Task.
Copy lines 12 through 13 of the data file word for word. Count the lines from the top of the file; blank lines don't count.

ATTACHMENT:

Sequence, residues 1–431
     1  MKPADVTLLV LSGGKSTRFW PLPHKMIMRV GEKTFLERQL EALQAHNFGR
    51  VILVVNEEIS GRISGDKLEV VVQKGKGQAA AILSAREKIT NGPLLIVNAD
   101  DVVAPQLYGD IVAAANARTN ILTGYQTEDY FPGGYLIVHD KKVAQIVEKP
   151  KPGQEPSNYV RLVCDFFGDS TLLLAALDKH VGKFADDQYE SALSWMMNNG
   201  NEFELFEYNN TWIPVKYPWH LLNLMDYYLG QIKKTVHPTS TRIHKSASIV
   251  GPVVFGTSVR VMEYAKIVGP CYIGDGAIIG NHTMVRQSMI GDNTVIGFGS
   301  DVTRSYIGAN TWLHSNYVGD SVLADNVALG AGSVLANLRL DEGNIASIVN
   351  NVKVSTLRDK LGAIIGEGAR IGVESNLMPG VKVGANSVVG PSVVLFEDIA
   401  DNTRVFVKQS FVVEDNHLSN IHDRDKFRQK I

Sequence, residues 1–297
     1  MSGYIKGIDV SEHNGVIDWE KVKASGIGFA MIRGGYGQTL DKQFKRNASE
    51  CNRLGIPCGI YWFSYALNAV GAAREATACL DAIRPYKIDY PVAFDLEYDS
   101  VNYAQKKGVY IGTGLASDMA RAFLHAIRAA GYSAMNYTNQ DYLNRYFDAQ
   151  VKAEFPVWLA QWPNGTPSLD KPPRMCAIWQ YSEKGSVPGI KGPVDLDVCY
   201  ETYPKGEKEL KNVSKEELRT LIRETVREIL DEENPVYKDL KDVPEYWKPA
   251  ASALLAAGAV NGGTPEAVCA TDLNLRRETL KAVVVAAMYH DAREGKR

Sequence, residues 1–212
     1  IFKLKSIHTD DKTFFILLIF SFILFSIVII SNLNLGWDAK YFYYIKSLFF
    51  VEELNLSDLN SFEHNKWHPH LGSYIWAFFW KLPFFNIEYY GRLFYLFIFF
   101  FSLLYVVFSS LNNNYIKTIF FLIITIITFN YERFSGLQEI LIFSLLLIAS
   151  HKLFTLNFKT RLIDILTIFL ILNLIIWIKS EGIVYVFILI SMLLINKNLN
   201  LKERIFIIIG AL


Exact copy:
     1  MSGYIKGIDV SEHNGVIDWE KVKASGIGFA MIRGGYGQTL DKQFKRNASE
    51  CNRLGIPCGI YWFSYALNAV GAAREATACL DAIRPYKIDY PVAFDLEYDS